Top 10 best wild sea swimming spots in Ireland, ranked

As more people embrace the refreshing sport of sea swimming, we rank the best wild sea swimming spots in Ireland.

Wild sea swimming has risen to prominence in the last number of months. Covid-19 has encouraged people to explore what is on their doorstep, and for many of us, this is the ocean. So, these are the best wild sea swimming spots in Ireland.

As an island, Ireland is surrounded by the Atlantic Ocean, the Irish Sea, and the Celtic Sea. Now, during the early morning and throughout the day these waters are a haven for wild sea swimmers.

Whether you are a novice or an experienced sea swimmer, it is always important to check the weather and tides before heading out into the water.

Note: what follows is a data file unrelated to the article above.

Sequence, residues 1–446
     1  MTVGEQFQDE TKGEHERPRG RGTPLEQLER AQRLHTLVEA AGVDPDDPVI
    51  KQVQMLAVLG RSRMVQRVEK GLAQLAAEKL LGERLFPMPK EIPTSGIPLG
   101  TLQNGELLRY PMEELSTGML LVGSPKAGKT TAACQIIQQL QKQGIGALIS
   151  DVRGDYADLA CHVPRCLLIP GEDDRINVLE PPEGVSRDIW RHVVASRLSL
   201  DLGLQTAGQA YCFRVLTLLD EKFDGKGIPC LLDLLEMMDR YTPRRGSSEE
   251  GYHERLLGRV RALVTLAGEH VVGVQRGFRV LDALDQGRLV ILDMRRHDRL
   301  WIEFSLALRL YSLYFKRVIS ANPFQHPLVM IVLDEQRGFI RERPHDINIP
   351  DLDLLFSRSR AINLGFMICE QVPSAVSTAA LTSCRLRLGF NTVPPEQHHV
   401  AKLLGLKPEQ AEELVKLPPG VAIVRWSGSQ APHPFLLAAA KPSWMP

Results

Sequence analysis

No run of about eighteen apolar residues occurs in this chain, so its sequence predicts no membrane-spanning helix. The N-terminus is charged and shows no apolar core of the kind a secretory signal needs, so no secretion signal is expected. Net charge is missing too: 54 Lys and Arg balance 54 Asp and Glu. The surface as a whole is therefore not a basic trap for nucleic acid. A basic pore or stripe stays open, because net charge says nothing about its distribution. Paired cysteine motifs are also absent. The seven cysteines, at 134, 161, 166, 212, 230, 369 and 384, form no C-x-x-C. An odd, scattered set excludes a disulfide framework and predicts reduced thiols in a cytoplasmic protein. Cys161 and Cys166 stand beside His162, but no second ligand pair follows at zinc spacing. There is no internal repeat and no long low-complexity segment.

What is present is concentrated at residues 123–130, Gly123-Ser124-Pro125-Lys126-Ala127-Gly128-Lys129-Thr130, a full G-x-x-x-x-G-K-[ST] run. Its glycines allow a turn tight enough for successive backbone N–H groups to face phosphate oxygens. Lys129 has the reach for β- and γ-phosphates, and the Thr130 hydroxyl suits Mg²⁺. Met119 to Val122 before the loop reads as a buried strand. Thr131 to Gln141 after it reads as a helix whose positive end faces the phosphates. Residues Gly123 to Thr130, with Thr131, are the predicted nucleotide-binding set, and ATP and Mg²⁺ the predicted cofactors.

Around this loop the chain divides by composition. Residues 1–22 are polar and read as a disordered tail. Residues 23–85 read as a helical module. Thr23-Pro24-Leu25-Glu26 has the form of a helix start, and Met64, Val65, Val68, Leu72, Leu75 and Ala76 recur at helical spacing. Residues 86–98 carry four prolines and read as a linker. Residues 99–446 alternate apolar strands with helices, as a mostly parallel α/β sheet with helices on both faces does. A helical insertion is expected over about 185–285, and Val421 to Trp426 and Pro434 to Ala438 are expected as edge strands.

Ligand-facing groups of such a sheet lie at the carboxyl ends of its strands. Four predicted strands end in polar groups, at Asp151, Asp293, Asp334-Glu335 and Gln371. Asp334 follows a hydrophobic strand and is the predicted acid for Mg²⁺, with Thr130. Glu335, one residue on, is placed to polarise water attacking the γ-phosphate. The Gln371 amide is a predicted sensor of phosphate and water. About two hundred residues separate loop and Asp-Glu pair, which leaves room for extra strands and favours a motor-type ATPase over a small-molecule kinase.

The sea can be extremely unpredictable so exercise extreme caution if you do decide to go for a dip. If you are unsure of swimming conditions, it is always best to swim at a location that has a lifeguard on duty.

It is always advisable that you inform someone of your swimming location.

If you are wearing a swimming cap, wear one that is brightly coloured so that other water users can see you. Similarly, getting a brightly coloured tow float will help boat users spot you from a distance.

10. Belmullet Tidal Pool, Co. Mayo – perfect for children

Belmullet Tidal Pool is perfect for kids.
Credit: Instagram / @belmullettidalpool

First up on our list of wild sea swimming spots in Ireland is Belmullet Tidal Pool in County Mayo. This salt water pool is divided into two sections of varying depth making for the perfect way to introduce children to the sea.